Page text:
The data is expected to show that British business activity is improving, led by a surge in service-sector activity to its fastest pace since last May.
This follows Friday’s data which showed U.K. grew at their fastest pace in nearly three years in January.
China cuts key rate, yen remains weak
In Asia, traded largely unchanged at 7.1983, helped by a strong daily midpoint fix after the People’s Bank of China cut its benchmark five-year loan prime rate by a bigger-than-expected 25 basis points to 3.95%, a record low.
The move provided little cheer to Asian markets as it also underscored increasing government anxiety over an economic slowdown in Asia’s biggest economy.
rose 0.1% to 150.31, with the yen weakening past the 150 level as the prospect of a slow exit from the Bank of Japan’s ultra-dovish monetary stance put pressure on the Japanese currency.
Breaks above 150 have attracted government intervention in the past, with officials also offering verbal warnings on any such moves last week.
Investors are buying back into the pound’s pizazz
© Reuters. FILE PHOTO: Pound and U.S. dollar banknotes are seen in this illustration taken January 6, 2020. REUTERS/Dado Ruvic/Illustration/File Photo
By Amanda Cooper
LONDON (Reuters) – The pound is playing catch-up with the dollar as investors beef up their bullish positions, and may get extra oomph from data this week showing British business activity is among the strongest in the developed world.
Monthly surveys of business activity this week are expected to show the UK topped the league table in February, well ahead of the euro zone and beating even the United States, which in the last year has been one of the few major countries not to have shown a dip into contraction.
This so-called “U.S. exceptionalism” has kept the dollar buoyant and investor confidence in a soft landing for the U.S. economy running high.
Economists polled by Reuters expect an index of British business activity to have risen to 52.7 in early February, led by a surge in service-sector activity to its fastest pace since last May.
Sterling is down just 0.9% against the dollar so far in 2024, having clawed back up from a 1.5% year-to-date loss two weeks ago.
Just four months ago, the International Monetary Fund declared Britain would be the slowest-growing economy among the Group of Seven nations in 2024.
A lot has changed since then, not least Germany tilting into actual recession and France barely growing. Data last week showed the UK, too, registered two straight quarters of negative growth last year.
The euro has fallen to its weakest in six months against sterling, having lost around 2% in value against its cross-Channel rival since the start of the year.
For the past few months, investors have enjoyed the pound’s higher yield that has derived from the view that, even though the economy is sluggish, persistent inflation will mean the Bank of England will have to keep interest rates higher for longer.
Weekly data from the Commodity Futures Trading Commission (CFTC) shows speculators lifted their bullish sterling position to $3.971 billion in the week to Feb 13, just shy of last July’s nine-year high.
Leveraged funds, which include hedge funds and money managers, have aggressively added to their long sterling positions since early December, and now hold their largest bet on a pound rally since October.
Aside from the pound’s yield appeal, investors may be taking heart finally from the data too.
JPMorgan nudged up its 2024 UK growth forecast in January, while Deutsche Bank last week said it had made a modest upward tweak to its quarterly growth estimates.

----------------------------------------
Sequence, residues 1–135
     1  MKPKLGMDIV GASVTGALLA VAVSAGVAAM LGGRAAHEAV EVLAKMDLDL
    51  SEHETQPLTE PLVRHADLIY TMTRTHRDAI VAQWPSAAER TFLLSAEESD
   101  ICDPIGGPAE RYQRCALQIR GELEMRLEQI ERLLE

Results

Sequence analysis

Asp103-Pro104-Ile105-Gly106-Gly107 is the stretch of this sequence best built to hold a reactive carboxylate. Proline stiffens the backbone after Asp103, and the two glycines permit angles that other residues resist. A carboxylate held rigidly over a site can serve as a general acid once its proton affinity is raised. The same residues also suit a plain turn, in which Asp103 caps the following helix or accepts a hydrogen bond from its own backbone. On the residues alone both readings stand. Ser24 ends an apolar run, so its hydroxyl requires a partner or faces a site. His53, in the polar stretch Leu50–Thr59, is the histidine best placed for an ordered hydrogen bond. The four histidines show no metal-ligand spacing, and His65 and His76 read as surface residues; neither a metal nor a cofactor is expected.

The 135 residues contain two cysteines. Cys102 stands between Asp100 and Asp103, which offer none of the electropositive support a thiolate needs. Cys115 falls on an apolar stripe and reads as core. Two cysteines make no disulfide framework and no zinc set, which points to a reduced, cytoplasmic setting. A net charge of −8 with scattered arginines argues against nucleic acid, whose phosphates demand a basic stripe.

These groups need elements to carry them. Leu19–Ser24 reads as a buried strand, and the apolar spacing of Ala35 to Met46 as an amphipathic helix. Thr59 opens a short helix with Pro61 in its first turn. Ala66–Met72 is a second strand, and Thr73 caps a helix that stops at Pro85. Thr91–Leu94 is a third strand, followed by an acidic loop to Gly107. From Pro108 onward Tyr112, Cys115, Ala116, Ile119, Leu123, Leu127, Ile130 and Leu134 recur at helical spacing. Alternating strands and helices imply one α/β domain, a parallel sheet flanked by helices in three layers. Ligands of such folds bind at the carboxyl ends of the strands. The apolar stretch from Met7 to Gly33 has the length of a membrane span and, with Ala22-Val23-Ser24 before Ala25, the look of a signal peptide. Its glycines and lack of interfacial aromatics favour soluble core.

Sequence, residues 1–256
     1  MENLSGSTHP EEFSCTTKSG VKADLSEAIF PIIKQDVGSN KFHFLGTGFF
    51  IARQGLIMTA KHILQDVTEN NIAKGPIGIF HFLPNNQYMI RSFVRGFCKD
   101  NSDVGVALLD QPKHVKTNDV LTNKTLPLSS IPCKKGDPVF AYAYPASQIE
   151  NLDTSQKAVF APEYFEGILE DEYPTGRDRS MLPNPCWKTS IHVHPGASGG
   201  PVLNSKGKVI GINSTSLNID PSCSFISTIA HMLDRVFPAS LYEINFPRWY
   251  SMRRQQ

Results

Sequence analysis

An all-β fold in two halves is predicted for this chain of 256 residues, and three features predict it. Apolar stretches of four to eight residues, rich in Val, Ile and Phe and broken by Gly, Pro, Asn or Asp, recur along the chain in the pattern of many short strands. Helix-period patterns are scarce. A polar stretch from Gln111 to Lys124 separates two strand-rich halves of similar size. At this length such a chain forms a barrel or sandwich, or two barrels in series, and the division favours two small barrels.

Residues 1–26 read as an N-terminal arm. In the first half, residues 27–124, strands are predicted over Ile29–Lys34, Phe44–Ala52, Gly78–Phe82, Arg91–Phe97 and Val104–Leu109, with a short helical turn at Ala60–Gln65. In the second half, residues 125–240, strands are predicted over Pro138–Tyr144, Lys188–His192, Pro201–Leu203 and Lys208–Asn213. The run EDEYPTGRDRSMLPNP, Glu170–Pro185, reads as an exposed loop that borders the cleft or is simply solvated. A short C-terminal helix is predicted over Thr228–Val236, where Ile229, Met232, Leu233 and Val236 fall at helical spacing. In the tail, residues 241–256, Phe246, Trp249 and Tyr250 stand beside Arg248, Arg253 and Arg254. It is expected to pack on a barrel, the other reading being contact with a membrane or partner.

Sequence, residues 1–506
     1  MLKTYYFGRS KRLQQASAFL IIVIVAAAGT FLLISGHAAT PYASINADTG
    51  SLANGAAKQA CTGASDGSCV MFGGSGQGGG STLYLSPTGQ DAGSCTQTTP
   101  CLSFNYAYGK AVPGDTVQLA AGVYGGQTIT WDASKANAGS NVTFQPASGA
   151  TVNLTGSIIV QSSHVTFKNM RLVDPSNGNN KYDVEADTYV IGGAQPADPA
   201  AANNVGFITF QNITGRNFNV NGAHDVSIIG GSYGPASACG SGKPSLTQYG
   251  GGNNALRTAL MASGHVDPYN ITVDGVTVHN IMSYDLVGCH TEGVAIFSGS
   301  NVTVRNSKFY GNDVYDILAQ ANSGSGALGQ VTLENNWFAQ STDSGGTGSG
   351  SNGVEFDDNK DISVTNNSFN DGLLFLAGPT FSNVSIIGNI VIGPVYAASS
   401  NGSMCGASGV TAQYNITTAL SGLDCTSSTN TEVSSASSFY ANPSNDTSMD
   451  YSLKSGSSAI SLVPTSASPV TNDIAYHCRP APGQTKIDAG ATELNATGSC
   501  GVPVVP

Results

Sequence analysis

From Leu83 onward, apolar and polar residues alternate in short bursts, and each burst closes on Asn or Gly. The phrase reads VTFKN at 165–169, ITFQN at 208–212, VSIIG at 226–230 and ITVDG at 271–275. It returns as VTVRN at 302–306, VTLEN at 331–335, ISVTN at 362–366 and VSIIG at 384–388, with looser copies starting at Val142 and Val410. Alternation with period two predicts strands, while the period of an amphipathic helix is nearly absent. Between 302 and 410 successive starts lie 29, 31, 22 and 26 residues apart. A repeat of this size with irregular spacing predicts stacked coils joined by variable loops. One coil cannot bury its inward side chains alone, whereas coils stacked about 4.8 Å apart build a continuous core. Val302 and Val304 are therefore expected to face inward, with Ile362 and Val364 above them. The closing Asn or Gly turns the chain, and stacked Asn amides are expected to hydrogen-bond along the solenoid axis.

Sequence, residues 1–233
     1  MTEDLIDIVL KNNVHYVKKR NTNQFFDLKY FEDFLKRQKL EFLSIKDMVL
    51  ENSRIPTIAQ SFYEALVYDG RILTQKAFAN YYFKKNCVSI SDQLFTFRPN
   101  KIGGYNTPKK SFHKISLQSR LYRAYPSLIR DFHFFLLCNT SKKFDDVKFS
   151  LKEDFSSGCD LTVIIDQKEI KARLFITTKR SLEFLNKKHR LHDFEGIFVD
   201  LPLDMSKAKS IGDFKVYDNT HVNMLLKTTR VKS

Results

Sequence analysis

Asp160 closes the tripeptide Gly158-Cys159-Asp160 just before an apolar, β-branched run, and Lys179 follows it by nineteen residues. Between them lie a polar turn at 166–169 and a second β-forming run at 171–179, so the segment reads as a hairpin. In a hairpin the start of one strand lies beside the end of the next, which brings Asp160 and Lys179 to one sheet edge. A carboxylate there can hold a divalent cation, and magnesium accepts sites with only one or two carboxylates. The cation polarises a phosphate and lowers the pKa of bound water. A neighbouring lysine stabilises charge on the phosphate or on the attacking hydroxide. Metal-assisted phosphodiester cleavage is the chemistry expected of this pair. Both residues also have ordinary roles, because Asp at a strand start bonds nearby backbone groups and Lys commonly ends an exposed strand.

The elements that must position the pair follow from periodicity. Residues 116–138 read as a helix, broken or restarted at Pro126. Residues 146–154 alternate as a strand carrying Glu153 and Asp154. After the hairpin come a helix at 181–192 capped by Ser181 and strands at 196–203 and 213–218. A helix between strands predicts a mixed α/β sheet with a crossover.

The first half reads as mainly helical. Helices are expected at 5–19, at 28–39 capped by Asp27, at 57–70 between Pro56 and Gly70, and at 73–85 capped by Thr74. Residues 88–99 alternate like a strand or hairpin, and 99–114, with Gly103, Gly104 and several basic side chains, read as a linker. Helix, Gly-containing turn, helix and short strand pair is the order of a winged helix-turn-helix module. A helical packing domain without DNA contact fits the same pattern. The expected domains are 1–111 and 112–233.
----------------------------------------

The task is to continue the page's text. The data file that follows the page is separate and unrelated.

Bank of America has turned bullish on sterling and last week boosted its year-end target for the pound to $1.37 – some 8.5% above where it is trading right now.
In a note last week, ING issued a reminder not to “get carried away” by signs of green shoots in the economy – the BoE is focussed on services and wage inflation right now – but acknowledged that the outlook for Britain’s economy is starting to brighten.
Asia FX creeps lower, dollar firm as China rate cut gives little support
Investing.com– Most Asian currencies crept lower on Tuesday amid persistent concerns over a slowing Chinese economic recovery and higher-for-longer U.S. interest rates, while the dollar edged up and remained near three-month highs.
The People’s Bank of China cut its benchmark five-year by a bigger-than-expected 25 basis points to 3.95%, a record low. But the move provided little cheer to Asian markets, given that it also underscored increasing government anxiety over an economic slowdown in Asia’s biggest economy.
The fell slightly after the move, although bigger losses in the currency were held back by a stronger-than-expected midpoint fix from the PBOC.
Still, the yuan remained close to its weakest level in three months, and was also close to breaking above the 7.2 level to the dollar.
Broader Asian currencies were still reeling from a string of stronger-than-expected U.S. inflation readings from last week, which put the dollar within sight of a three-month high. But the greenback saw few cues for movement from a U.S. holiday on Monday.
The and both rose 0.1% each in Asian trade, buoyed by the prospect of higher-for-longer U.S. interest rates in 2024.
The was among the worst-hit by recent fears of higher U.S. rates, with the currency weakening past the 150 level on Tuesday. The prospect of a slow exit from the Bank of Japan’s ultra-dovish monetary stance also put pressure on the yen.
Still, the yen found some support around 150 as traders watched for any potential intervention in currency markets by the Japanese government. Breaks above 150 have attracted government intervention in the past, with officials also offering verbal warnings on any such moves last week.
The fell 0.1%, even as the showed the bank still remained inclined towards hiking interest rates further to curb sticky inflation.
But the RBA also said that it was prepared to loosen monetary conditions swiftly if the Australian economy cooled too quickly due to pressure from high rates.
The RBA had kept rates steady at 4.35% earlier in February, but had struck an unexpectedly hawkish tone- which offered some support to the Aussie.
Among other Asian currencies, the fell 0.1%, while the fell 0.3%.
The firmed slightly below the 83 level, but still remained vulnerable.